Impact of Work/Life Balance in Medicine

From The Wall Street Journal last week:

U.S. medicine is in the middle of a cultural revolution, as young physicians intent on balancing work and family challenge the assumption that a doctor should be available to treat patients around the clock.

Who can blame them?  Since the time that physicians enter undergraduate school through the completion of their residencies (and beyond) they are expected to spend a massive amount of time on the task at hand—often foregoing social interaction.  In the past, when doctors have finished their education they were expected to be available 24/7/365 +40 (or so) years.

Combined with low reimbursement (relatedly speaking), it is no wonder why medical students pass up primary care residencies.

The trend is likely to continue.  Physicians may more and more become employed by the hospitals they work in.  Many will continue to decline excessive on-call hours.  Dr. Jay Parkinson has proven the ability of a young physician to find a sustainable life outside of the traditional system.  American medicine is beginning to utilize a team-based approach to medicine:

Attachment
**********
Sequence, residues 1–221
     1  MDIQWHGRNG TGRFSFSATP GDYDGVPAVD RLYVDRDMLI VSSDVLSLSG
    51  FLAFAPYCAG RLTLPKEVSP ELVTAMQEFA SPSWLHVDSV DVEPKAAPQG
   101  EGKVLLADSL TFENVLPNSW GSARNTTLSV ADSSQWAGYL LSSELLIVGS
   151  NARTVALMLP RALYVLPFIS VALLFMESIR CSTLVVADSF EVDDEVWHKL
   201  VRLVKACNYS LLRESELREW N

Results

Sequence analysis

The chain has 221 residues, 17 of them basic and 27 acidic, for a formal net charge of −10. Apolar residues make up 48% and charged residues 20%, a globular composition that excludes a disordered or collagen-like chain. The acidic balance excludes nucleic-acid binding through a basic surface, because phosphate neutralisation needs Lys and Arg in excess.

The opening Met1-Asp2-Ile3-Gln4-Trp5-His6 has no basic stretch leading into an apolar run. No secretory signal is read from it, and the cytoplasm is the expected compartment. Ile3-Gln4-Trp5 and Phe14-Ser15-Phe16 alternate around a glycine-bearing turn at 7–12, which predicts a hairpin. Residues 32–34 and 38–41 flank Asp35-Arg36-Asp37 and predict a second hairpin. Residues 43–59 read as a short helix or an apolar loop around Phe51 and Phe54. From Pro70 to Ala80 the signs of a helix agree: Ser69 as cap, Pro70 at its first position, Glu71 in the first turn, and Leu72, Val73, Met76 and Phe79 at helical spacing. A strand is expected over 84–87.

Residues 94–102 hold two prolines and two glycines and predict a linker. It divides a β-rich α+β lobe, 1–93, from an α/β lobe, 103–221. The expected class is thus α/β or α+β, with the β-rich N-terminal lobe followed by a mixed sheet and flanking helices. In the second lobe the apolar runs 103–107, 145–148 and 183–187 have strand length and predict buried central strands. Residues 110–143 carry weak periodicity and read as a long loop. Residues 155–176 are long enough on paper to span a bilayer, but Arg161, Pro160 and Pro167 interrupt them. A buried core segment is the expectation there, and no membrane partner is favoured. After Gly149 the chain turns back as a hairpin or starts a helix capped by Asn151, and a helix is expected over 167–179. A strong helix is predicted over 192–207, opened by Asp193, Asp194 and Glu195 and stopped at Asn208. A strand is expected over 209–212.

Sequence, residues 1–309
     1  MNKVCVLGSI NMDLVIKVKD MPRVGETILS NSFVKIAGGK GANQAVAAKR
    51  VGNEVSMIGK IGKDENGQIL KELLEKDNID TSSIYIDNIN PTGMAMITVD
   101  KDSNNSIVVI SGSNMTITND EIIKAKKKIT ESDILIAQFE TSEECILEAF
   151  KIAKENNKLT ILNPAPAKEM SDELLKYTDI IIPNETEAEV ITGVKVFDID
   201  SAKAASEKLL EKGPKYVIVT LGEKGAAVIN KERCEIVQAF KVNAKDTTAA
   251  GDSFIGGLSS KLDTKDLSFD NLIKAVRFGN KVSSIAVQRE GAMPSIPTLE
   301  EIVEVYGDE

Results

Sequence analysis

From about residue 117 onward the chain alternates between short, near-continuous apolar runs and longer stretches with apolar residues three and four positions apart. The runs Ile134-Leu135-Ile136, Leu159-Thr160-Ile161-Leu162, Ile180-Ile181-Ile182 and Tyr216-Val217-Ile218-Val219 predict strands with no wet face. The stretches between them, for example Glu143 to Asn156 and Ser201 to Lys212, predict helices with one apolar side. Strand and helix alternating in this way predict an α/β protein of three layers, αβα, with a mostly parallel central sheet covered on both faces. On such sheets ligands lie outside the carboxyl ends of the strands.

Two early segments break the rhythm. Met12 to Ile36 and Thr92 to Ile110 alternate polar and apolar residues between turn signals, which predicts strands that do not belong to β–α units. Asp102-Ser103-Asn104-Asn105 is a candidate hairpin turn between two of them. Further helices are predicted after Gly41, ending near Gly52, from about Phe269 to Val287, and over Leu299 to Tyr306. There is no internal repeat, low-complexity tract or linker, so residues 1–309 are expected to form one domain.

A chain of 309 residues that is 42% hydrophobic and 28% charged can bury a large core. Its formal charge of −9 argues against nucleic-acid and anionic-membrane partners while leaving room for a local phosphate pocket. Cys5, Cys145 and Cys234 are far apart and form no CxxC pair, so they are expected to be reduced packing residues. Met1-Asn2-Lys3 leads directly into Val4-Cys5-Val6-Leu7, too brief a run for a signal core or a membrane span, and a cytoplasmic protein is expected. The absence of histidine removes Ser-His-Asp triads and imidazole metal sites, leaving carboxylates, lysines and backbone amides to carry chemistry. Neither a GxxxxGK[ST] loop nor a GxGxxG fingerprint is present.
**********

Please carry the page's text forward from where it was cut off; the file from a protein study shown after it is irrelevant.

To adapt, American medicine is drifting away from the old standard — in which a single doctor handled almost all of a patient’s needs — and toward a more team-based approach. This system includes not only multiple doctors but also nurse practitioners and physician assistants.

While there are some concerns, it is good to hear of innovation in the care delivery model.  As more new physicians enter the world and continue to expect a fair work/life balance the innovation will need to accelerate to accommodate our health care needs.  Let’s get to work.

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